Prostate Specific Antigen and Prostate Volume; How They are Correlated in Patients with Benign Prostatic Hyperplasia
Background: Human prostate-specific antigen (PSA) is a glycoprotein with approximately 7% (wt/wt)
carbohydrate. The PSA assay, along with other diagnostic parameters, is considered the most useful early
malignancy marker to confirm the diagnosis of prostate disease. Benign prostatic hyperplasia (BPH) and
prostatic cancer are the most common prostate diseases.
Objecive: The study was designed to assess the diagnostic sensitivity of PSA with different prostate volume
(PV) in Iraqi men aged (40 to 88) to define better predictions for early detection of prostatic cancer.
Method: The subjects involved in this study were 119 consecutive male aged (40-88) years with BPH.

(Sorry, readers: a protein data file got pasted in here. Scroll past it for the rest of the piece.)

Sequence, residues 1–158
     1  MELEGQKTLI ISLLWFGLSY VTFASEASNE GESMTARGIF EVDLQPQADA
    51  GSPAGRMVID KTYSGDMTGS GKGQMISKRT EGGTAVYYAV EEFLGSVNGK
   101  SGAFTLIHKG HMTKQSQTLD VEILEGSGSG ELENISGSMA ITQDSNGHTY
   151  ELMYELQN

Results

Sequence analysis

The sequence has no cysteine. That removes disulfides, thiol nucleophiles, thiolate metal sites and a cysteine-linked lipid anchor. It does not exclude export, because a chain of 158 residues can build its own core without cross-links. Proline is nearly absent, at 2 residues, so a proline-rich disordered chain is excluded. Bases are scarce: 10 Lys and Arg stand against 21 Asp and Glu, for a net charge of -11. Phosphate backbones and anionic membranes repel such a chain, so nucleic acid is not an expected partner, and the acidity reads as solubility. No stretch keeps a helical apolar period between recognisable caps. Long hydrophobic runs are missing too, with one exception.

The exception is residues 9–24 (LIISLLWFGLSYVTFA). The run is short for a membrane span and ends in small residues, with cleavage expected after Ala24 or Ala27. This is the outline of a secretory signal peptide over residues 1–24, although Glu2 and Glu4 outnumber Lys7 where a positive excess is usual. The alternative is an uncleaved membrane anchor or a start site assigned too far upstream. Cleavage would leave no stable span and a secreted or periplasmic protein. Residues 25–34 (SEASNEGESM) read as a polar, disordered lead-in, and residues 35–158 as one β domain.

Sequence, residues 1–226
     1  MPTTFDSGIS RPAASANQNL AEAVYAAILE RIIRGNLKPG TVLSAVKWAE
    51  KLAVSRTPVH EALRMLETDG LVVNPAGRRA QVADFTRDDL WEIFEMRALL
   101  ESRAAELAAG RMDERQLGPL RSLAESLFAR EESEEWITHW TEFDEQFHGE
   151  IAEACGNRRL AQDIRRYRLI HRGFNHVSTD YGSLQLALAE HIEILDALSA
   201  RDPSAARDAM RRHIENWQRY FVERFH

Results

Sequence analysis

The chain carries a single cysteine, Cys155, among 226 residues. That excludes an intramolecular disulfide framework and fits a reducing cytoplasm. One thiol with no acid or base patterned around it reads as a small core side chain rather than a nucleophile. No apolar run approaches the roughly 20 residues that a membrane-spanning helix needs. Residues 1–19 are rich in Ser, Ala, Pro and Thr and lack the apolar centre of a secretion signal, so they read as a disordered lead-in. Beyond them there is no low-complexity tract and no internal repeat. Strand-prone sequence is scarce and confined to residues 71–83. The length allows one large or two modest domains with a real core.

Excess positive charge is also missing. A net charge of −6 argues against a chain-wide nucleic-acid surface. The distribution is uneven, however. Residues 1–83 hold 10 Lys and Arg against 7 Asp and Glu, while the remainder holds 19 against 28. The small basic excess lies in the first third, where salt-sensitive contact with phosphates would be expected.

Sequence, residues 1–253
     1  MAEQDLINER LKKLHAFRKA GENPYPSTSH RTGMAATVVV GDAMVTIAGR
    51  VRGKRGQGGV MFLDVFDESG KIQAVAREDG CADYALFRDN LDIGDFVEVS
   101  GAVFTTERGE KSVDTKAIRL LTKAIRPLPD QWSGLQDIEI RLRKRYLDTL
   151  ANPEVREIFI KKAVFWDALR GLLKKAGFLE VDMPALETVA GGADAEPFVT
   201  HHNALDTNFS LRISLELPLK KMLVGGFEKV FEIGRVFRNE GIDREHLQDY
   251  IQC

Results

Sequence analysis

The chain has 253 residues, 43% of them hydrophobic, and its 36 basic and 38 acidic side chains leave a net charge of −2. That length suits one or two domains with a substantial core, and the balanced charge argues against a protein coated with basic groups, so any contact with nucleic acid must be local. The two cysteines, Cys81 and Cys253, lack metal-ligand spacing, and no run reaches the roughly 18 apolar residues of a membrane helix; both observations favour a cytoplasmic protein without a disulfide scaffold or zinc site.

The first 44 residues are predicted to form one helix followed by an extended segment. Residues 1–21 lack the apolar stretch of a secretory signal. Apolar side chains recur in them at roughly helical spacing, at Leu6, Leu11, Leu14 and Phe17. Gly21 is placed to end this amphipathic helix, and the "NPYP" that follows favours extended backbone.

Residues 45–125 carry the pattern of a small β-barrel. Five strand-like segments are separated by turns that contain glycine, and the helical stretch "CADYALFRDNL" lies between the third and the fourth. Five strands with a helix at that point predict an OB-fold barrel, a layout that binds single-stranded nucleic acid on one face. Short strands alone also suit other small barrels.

Prostate volume (PV) (measured by transrectal ultrasound: TRUS) and PSA density (PD) data distribution
were evaluated. Variables of the clinical and laboratory display were expressed as mean ± SD. ANOVA were
used for the comparison of variables. Pearson correlation coefficients were calculated for the whole study.
Result: Mean (± SD) age of the subjects included in this study was 63.23±11.12 years (p<0.01).The PSA
values in different age groups (40–54, 55–69, 70+), were: 5.71±4.47, 7.87±4.55 and 10.22±7.26 ng/mL
respectively. There was a significant increase between the second and third group (P < 0.05), while there was
a highly significant increase between the first and third age groups (P < 0.01). The correlation between PV
and tPSA was (+0.305) based on the Pearson’s correlation co efficient (P<0.01).
Conclusion: Increase in prostate volume is associated with increased serum PSA level. A PSA level depicts
approximate prostate volume and may have clinical potential in the management of BPH patients where
PSA and prostate volume were significantly correlated in BPH patients.